Skip to main content

Just a Minute: Nick Saban Speaks at Capitol Hill NIL Roundtable

The former Crimson Tide head coach spent time with Alabama athletic director Greg Byrne, Senator Ted Cruz and others discussing the changes in college athletics.
  • Author:
  • Publish date:

Former Alabama football coach Nick Saban spent time with various senators along with Alabama athletic director Greg Byrne in Washington on Tuesday discussing the future of college athletics. 

His discussion featured discussion on name, image and likeness, the NCAA, the transfer portal and how football has changed. Saban was asked by Senator Ted Cruz if the changing attitudes led to his decision to leave coaching. 

"Well, all the things that I believed in, for all these years, 50 years of coaching, no longer exist in college athletics. It always was about developing players, it was always about helping people be more successful in life. My wife even said to me, we'd have all the recruits over on Sunday with their parents for breakfast, she would always meet with the mothers and talk about how she would help impact their sons and that they would be well taken care of. She came to me right before I retired and said, 'why are we doing this?' I said, 'what do you mean?'. She said, 'all they care about is much you're going to pay them. They don't care about how much you're going to develop them, which is what we've always done, so why are we doing this?'," said Saban.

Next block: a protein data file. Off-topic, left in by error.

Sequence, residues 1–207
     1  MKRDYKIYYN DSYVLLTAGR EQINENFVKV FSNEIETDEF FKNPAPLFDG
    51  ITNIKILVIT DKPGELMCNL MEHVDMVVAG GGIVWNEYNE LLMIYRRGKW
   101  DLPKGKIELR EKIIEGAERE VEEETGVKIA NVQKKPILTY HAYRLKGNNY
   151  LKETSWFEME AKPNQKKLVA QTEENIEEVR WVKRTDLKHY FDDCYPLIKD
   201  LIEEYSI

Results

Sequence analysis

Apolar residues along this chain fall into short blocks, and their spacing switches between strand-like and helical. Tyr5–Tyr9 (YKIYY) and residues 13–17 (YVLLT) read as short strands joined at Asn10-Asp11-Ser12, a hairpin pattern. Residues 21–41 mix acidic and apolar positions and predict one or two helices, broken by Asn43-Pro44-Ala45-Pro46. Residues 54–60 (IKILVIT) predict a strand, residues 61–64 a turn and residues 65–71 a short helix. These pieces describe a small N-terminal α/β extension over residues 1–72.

College football has obviously changed over the course of the last decade, leading to conference realignment, television contracts and the ever evolving postseason model. However it's clear that without football there aren't other sports as Byrne highlighted during his opening remarks to the committee. 

"Only two of those programs, however, generate more revenue than expenses, football and men's basketball. The excess revenue from these two programs effectively offset the roughly $40 million dollars annually, the other 19 programs collectively run in losses each year. If it weren't for football, we would not have 21 sports at the University of Alabama," said Greg Byrne. 

No litigation was written on Tuesday but Saban and Byrne were revealing in their testimonies, along with ACC commissioner James Phillips,  in front of several senators. The group made it clear that college athletics are at a breaking point without a uniform set of rules and a governing body capable of fairly enforcing those rules.